In preparation for the Supreme Court’s special session to rehear the Citizens United case, the news media and advocacy groups have provided an abundant amount of reading material. As National Journal column notes, "the case has generated a virtual cottage industry of opinion articles, blog postings, public briefings and even grassroots organizing around the issue of corporations’ role in political campaigns." There are more than 2,000 pages worth of arguments from 53 amicus briefs, according to an analysis by the First Amendment Center.
The New York Times notes that the case "comes at a crucial historical moment, as corporations today almost certainly have more to gain or fear from government action than at any time since the New Deal."
The arguments will address whether it should overturn a 1990 decision, Austin v. Michigan Chamber of Commerce, which upheld the constitutionality of banning independent corporate campaign expenditures. The Court will also consider the 2003 decision in McConnell v. FEC, upholding the electioneering communications provision of the Bipartisan Campaign Reform Act (BCRA).
The question arises, is this government regulation of speech an attack on the First Amendment or a way to level the playing field and a protection against corruption? Corporations may now participate in federal campaigns through contributions to political action committees, which are regulated with contribution limits and disclosure requirements. If the Court does in fact overturn precedent, corporations and labor unions could be able to use their treasury money to make independent expenditures in support of candidates.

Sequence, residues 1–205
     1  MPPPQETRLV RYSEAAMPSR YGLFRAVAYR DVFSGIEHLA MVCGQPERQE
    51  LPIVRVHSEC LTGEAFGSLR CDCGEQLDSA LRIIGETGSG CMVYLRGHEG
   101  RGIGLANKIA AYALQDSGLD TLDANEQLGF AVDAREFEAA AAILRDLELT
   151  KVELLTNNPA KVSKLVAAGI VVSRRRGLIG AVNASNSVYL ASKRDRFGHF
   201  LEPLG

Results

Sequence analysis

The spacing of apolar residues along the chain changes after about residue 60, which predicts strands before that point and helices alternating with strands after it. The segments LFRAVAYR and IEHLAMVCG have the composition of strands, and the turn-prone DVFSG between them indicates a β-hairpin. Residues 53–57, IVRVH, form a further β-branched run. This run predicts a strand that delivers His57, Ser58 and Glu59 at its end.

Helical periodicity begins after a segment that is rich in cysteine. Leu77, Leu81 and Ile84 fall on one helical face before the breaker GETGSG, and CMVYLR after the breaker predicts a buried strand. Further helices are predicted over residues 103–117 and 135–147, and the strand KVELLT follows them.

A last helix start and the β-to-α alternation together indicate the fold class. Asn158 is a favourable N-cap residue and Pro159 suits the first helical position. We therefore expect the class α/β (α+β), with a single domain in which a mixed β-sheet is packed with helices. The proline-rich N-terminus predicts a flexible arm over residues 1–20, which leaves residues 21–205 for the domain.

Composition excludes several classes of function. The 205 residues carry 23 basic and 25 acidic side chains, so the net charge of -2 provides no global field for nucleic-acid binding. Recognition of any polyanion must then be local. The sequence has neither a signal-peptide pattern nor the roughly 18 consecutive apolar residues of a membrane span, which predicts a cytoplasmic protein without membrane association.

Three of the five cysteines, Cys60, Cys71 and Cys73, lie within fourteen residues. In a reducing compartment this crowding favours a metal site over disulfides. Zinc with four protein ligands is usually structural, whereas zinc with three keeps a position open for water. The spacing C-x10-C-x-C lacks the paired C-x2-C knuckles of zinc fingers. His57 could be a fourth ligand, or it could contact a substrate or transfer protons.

Nevertheless, it is hard to foretell the arguments and the outcome exactly, but many are trying. And many would like to predict what a campaign season would be like if the court were to overturn limits on corporate and union spending in federal election campaigns. Scalia, Thomas and Justice Anthony Kennedy have said in the past they would overrule both, while both Roberts and Alito have expressed respect of holding up precedent. In the meantime, we just have to wait until Sept. 9. The audiotape will be released for public broadcast shortly after the argument ends.
(Amanda Adams 09/04/09)